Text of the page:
Lowdown: A guy discovers his fate is predetermined by a writer.
The wait took ages but it was worth it. After long months in the waiting I finally stumbled upon a good American film! Hooray! It's quite a thing to stumble upon a film that takes the good things from American cinema - the good production values, the easy going lightness of things - and actually adds some wisdom to the mix. Stranger Than Fiction is the film at hand.
Will Ferrell stars as an IRS agent who is really good at his work and who epitomizes everything one would imagine about IRS agents: everything is calculated and no stray actions is allowed. Ferrell keeps on hearing a narrator's voice (Emma Thompson), dictating the exact things that are about to happen to him and his private thoughts. Thing is, it's only Ferrell that is hearing these voices; no one else does. We quickly learn that Thompson is a famous writer who is going through a blockage period while trying to finish her book, a book about an IRS agent that just happens to have the same name as Ferrell's character. Thing is, in all of Thompson's books the hero ends up dying tragically, and when Ferrell learns that he is about to die he looks to change his fate. In the process he also falls in love with Maggie Gyllenhaal, who portrays a bakery owner that refuses to pay her taxes as a protest for all the wrong things the government does. Ferrell also seeks assistance for as extraordinary condition from Dustin Hoffman, who plays a literature professor.
There is much to take from Stranger Than Fiction, but essentially it is a story about taking control over one's life and learning to appreciate life for those small things that make it worthwhile. Essentially, the film says that we're all going to die, and while we're all aware of that, we shouldn't let that break us down; we should enjoy what we have instead. The beauty of the film is the way it makes its point: The wonderful performances by Gyllenhaal and Hoffman, the casting of Ferrell which hits the spot, the contradictions between the characters (for example, Thompson on a death wish like mission to finish her book vs. the calculated Ferrell), and finally - the lovely way in which the film is woven together.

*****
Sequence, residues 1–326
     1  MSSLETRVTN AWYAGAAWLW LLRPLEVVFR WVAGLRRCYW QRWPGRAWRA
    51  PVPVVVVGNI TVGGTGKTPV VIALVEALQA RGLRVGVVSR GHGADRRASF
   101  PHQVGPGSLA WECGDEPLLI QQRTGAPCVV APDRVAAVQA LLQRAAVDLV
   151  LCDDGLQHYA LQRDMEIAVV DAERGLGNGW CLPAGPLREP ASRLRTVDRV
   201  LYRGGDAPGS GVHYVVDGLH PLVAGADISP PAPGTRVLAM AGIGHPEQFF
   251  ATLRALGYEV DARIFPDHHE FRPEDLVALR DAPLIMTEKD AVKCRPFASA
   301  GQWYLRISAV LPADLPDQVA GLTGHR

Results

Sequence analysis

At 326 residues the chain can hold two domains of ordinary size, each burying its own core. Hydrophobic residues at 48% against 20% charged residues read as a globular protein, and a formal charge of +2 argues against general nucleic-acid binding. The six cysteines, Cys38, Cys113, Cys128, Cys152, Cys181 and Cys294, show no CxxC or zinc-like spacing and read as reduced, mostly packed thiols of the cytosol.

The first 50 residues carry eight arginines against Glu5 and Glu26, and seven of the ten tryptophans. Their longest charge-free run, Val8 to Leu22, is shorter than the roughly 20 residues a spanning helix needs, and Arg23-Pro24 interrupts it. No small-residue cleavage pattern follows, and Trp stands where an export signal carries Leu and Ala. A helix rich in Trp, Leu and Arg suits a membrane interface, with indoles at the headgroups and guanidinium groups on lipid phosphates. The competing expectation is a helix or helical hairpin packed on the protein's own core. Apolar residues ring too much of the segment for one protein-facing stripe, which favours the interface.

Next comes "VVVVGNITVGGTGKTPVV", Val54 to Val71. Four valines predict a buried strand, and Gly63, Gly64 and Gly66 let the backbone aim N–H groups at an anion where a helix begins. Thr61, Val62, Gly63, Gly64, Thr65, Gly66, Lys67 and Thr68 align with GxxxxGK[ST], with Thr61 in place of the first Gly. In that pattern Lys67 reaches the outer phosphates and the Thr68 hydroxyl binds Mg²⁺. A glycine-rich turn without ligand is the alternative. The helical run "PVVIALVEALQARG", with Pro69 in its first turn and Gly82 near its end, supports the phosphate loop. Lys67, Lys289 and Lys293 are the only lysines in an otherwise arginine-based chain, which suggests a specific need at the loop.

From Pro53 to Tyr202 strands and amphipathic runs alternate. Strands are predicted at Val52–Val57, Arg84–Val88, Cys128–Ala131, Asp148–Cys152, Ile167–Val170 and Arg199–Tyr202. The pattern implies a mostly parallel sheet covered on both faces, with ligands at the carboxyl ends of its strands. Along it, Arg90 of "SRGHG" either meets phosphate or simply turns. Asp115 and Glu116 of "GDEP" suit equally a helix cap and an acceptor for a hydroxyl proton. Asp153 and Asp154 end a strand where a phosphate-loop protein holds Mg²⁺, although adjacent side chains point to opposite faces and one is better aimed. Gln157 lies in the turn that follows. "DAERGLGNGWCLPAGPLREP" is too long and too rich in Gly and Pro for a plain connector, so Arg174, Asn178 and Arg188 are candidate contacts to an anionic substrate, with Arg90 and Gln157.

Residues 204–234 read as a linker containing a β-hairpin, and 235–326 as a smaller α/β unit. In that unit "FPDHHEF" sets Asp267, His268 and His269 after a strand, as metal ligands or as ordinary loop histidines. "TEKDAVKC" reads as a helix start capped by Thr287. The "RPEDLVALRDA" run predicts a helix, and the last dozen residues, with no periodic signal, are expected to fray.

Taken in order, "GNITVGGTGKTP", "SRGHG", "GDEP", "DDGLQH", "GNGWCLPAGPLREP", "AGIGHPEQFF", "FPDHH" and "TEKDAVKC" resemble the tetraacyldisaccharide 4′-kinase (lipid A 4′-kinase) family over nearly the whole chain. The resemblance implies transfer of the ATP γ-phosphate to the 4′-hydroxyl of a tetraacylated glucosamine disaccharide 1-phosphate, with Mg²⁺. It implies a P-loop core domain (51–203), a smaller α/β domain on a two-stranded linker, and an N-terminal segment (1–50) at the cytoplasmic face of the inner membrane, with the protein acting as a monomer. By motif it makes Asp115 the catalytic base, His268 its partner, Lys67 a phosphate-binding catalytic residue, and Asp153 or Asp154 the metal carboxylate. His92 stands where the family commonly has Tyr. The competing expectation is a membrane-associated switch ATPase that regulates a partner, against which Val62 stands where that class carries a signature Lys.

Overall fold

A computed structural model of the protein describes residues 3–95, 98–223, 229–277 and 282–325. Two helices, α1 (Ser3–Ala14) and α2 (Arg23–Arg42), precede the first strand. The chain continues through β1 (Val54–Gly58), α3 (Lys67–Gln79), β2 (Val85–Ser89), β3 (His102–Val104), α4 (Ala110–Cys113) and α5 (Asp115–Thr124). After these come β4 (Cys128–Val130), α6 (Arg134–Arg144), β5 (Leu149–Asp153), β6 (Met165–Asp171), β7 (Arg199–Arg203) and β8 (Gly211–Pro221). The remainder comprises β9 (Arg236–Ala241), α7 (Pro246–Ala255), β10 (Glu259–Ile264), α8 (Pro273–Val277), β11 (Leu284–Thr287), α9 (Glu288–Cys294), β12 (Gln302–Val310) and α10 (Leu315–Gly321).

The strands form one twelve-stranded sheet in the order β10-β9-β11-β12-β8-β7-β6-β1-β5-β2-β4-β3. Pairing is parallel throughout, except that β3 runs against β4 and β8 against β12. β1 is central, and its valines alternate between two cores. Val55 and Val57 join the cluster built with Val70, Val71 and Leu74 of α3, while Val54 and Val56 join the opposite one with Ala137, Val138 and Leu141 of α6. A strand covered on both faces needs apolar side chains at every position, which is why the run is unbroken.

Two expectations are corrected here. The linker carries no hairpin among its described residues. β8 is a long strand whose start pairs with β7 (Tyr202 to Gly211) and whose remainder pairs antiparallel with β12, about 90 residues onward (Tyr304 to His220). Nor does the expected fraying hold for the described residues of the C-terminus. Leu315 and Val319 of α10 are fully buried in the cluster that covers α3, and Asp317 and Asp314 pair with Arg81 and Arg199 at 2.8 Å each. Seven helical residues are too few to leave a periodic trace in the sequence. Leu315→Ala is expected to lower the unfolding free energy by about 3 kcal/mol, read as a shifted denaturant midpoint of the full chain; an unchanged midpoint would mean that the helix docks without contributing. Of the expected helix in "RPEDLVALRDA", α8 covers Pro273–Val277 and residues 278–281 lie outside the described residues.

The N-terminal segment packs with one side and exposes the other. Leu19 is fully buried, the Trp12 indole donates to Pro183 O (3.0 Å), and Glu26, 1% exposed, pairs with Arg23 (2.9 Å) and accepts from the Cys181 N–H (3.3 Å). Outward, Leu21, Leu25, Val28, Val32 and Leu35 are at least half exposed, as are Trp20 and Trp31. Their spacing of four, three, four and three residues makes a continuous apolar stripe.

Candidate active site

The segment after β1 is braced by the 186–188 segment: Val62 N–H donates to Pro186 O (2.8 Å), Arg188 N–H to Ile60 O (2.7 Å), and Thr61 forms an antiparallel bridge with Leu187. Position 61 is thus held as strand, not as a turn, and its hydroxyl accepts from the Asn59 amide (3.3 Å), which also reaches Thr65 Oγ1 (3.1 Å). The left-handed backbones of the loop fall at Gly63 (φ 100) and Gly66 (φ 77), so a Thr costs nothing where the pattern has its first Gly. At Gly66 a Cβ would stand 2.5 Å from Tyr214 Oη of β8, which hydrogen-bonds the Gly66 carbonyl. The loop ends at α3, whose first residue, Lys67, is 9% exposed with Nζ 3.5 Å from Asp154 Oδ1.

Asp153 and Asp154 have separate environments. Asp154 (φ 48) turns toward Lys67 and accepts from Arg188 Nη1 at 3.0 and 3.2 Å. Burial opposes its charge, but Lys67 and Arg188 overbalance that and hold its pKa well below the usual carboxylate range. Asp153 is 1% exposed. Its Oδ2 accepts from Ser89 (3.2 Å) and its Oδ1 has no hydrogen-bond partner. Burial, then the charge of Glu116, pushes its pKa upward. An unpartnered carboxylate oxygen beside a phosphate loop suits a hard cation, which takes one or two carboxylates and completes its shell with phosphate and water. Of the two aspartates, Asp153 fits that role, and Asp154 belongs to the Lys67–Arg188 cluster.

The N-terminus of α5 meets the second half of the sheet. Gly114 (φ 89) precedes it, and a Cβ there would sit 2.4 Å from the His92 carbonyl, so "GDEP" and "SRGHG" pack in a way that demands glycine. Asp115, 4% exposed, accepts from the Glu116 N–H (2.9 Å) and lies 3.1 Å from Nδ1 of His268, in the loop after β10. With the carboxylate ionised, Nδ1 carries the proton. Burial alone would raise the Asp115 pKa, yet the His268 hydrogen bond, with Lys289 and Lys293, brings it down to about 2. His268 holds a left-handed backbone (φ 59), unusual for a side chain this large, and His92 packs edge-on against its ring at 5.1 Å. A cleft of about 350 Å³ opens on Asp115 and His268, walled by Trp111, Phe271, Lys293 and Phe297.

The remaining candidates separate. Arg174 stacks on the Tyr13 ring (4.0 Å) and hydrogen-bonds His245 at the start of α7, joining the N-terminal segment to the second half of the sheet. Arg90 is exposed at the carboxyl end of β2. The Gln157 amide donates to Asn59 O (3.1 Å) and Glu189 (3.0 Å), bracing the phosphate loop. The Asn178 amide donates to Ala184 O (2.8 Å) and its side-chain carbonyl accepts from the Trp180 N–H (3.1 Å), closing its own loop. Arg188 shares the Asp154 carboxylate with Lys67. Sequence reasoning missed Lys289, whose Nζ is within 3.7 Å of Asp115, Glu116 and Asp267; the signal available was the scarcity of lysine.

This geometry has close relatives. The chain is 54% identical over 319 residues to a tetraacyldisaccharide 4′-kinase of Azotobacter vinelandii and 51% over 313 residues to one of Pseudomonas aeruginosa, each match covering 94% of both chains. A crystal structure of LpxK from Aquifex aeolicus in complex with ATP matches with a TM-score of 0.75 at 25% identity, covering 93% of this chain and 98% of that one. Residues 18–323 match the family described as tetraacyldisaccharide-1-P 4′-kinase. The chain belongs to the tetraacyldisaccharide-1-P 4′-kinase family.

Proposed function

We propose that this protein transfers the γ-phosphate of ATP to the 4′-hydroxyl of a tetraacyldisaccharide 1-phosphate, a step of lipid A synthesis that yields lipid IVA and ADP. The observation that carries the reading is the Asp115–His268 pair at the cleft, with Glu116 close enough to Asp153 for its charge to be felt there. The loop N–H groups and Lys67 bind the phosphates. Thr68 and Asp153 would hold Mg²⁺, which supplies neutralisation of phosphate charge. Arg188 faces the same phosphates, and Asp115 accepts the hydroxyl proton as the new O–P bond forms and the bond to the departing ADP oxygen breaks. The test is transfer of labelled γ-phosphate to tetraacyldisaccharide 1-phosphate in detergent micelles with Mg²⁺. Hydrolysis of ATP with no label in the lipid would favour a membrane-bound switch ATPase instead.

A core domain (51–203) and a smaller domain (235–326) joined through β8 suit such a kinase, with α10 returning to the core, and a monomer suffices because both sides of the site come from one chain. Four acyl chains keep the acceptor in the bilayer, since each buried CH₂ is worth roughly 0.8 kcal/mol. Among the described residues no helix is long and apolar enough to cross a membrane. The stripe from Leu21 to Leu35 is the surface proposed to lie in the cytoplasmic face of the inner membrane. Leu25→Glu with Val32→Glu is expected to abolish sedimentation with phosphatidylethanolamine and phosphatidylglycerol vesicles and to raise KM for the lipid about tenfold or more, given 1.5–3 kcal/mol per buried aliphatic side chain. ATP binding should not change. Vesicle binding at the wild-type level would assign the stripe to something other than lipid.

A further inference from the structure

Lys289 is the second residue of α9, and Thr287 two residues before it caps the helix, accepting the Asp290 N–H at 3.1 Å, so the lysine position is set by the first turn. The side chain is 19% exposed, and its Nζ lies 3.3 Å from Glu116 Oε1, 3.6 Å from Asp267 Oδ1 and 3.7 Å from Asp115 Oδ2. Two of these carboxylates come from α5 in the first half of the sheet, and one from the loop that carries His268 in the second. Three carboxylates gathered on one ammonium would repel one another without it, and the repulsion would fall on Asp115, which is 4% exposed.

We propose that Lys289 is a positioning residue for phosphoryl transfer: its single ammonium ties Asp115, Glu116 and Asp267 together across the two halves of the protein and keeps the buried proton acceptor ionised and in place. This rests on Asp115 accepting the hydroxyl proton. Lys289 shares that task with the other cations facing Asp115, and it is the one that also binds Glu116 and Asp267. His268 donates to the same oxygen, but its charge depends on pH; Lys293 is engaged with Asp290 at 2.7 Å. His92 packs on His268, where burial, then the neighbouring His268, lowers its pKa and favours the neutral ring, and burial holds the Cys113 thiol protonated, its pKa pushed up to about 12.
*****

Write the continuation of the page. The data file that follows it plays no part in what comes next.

Best scene: Ferrell plays the guitar in Gyllenhaal's living room while she is in the kitchen cooking. The camera is positioned so we see both of them simultaneously, each at their side of the screen, and the result is an exemplary act of good direction work and good acting.
Picture quality: Noisy and lacking in detail.
Sound quality: Overall way too subtle for its own good, although there is some smart usage of sound at key moments.
Overall: We've seen better films but the package, overall, is very charming. I'm going to be generous and give Stranger 4.5 out of 5 stars.